As to the first of these allegations, trial counsel in fact did not request limiting instructions as to the testimony of Miller that Wilhelm said that Goldblum promised Wilhelm money to set fire to Goldblum's restaurant and that he, Wilhelm, had done so. Miller also testified to other statements of Wilhelm which, if believed, established that Goldblum *470 was responsible for the fire in the restaurant and was involved in the North Carolina land scheme. (This testimony was not discussed with the hearsay claims because objection to its admission was not properly preserved for appellate review. It is discussed here only for the purpose of considering the ineffectiveness claim.)

Like the testimony of Hill, this testimony established that the victim had been acquainted with Goldblum. Furthermore, the statements of Wilhelm as to his part in the arson are declarations against penal interest, and are admissible for that reason. Thus, the Miller testimony was admissible.

Our standard of review on the question of counsel's ineffectiveness, of course, is articulated in Commonwealth ex rel. Washington v. Maroney, 427 Pa. 599, 604-605, 235 A.2d 349, 352 (1967):

[O]ur inquiry ceases and counsel's assistance is deemed constitutionally effective once we are able to conclude that the particular course chosen by counsel had some reasonable basis designed to effectuate his client's interest. The test is not whether other alternatives were more reasonable, employing a hindsight evaluation of the record. Although weigh the alternatives we must, the balance tips in favor of a finding of effective assistance as soon as it is determined that trial counsel's decisions had any reasonable basis.

(Emphasis in original). In the present case, trial counsel reasonably chose not to seek a limiting instruction in that such an instruction, even though proper, would have tended to confuse the jury.

The second allegation of ineffectiveness is that if trial counsel is found not to have preserved for appellate review his objections to the introduction of these statements to Miller, he was ineffective in not preserving them. Since we have just held that these statements were admissible, it would have been fruitless for counsel to have preserved his objection to their admission. As this Court stated in Commonwealth *471 v. Hubbard, 472 Pa. 259, 278, 372 A.2d 687, 696 (1977): "Because counsel does not forego an alternative which offers a substantially greater potential for success when he fails to assert a baseless claim, counsel cannot be found to have been ineffective for failing to make such an assertion." Because the claim (objection to the admission of Miller's testimony reciting statements made by Wilhelm) was baseless, counsel cannot be found to be ineffective for failing to preserve the objections for appellate review.

The third allegation of ineffectiveness is that trial counsel was ineffective in failing to object to prejudicial statements made by the prosecutor during his closing argument. The statements at issue are alleged to contain the prosecutor's own characterization of Goldblum's character and expression of disbelief of Goldblum's testimony. The statements claimed as warranting a mistrial are:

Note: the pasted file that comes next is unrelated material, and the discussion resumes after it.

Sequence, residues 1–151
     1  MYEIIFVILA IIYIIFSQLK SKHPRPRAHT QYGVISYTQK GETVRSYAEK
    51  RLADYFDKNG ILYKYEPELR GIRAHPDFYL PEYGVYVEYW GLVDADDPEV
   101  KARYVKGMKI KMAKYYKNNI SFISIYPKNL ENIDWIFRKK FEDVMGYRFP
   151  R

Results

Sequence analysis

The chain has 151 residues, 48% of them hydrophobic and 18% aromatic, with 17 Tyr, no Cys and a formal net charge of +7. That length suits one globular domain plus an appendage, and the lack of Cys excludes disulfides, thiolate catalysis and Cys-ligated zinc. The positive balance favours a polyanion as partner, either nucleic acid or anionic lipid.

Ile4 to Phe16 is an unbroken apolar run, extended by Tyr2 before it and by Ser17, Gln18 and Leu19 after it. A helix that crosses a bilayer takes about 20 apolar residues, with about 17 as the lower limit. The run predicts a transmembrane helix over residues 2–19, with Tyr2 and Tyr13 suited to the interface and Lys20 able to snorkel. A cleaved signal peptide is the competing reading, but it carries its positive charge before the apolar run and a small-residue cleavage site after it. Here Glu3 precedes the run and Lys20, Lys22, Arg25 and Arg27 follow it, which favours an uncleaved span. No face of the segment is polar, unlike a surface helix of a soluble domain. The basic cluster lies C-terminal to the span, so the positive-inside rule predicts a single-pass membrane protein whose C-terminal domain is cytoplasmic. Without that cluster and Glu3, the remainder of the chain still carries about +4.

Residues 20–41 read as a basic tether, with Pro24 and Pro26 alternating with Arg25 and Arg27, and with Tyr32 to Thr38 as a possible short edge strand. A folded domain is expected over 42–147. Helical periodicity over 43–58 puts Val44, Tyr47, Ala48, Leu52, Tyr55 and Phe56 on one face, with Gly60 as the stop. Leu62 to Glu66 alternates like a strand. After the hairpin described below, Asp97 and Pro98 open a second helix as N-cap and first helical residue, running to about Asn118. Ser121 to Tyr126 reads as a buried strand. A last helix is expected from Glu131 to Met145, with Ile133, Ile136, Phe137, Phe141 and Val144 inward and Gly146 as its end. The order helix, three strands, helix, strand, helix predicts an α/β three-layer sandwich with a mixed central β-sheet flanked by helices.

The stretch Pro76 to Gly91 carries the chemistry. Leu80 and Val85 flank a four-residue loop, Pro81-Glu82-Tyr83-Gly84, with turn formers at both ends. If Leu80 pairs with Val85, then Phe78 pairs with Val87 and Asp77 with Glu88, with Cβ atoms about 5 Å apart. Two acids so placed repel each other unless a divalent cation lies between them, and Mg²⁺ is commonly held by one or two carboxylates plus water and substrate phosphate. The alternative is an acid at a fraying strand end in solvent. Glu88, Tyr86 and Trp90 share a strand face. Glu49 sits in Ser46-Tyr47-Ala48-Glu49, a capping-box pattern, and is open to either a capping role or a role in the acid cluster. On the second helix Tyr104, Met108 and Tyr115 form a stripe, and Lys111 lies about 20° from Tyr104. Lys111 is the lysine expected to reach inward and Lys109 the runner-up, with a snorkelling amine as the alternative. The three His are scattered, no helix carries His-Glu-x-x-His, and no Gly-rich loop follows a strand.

What [Goldblum] cares about is Charles Goldblum and anything or anybody that comes into conflict with what is good for Charles Goldblum is going to be eliminated one way or another, and so with apparently no difficulty whatsoever he sets about to plan the execution of a human being . . . . * * * * * * Charles Goldblum never came forward and frankly admitted that he even was responsible for that [solicitation to kill Miller]. It tells us something at the very outset. If we are going to talk about credibility it tells us something about Charles Goldblum. That he could not bring himself to tell the absolute truth even if things were so plainly proved from the witness stand that there isn't any controversy about them.

The evidence established that Goldblum planned to defraud Wilhelm of money in the North Carolina land scheme, participated in the fraud, and received money from the fraud. Further, the evidence proved that Goldblum planned and actually carried out the scheme to burn his own restaurant to obtain insurance money. The evidence also indicated that Goldblum was a co-actor in the murder of *472 Wilhelm. Finally, the evidence indicated that Goldblum attempted to hire an assassin to kill Miller, the Commonwealth's chief witness. Goldblum took the stand and denied culpability in the land fraud scheme, Wilhelm's murder, and the arson. Goldblum admitted soliciting an undercover police officer to kill Miller, but denied that the plan was definite, insisting that he might have changed his mind before the killing actually occurred. From this evidence, it is a fair inference that Goldblum did not, in fact, have much difficulty in planning the execution of other human beings. It is also a fair inference from the evidence that Goldblum definitely planned to have Miller killed and that his denial of this plan affected his credibility as to the other denials. Counsel's summary remarks, thus, were not improper, and trial counsel was not ineffective in failing to object to them.

Goldblum's ancillary claim that the prosecutor improperly identified himself with the jury by reference to what "we" believe is of no merit.

V. Private Prosecution.

Goldblum argues the trial court erred in declining to permit the private prosecution of Miller for perjury, false swearing and unsworn falsification. Miller testified at Goldblum's preliminary hearing that he and Wilhelm had previously given the F.B.I. a false affidavit that the land fraud had been a hoax and in fact had never happened. Goldblum sought an adjudication that Miller had committed perjury, on the theory the conviction would render Miller incompetent to testify under the Disqualification Act of May 23, 1887, P.L. 158, § 2(a), as amended, 19 P.S. § 682, then in effect and, accordingly Goldblum swore out a private criminal complaint against Miller. When the District Attorney refused to approve this complaint, Goldblum sought approval of the complaint in Common Pleas Court. That court affirmed the decision of the District Attorney, and, on appeal from this order, the Superior Court affirmed without opinion. Commonwealth v. Miller, Appeal of Goldblum, 244 Pa.Super. 613, 371 A.2d 1299 (1977). This Court denied *473 allocatur. This issue has been fully and finally litigated on appeal. We decline to again consider the issue in this proceeding.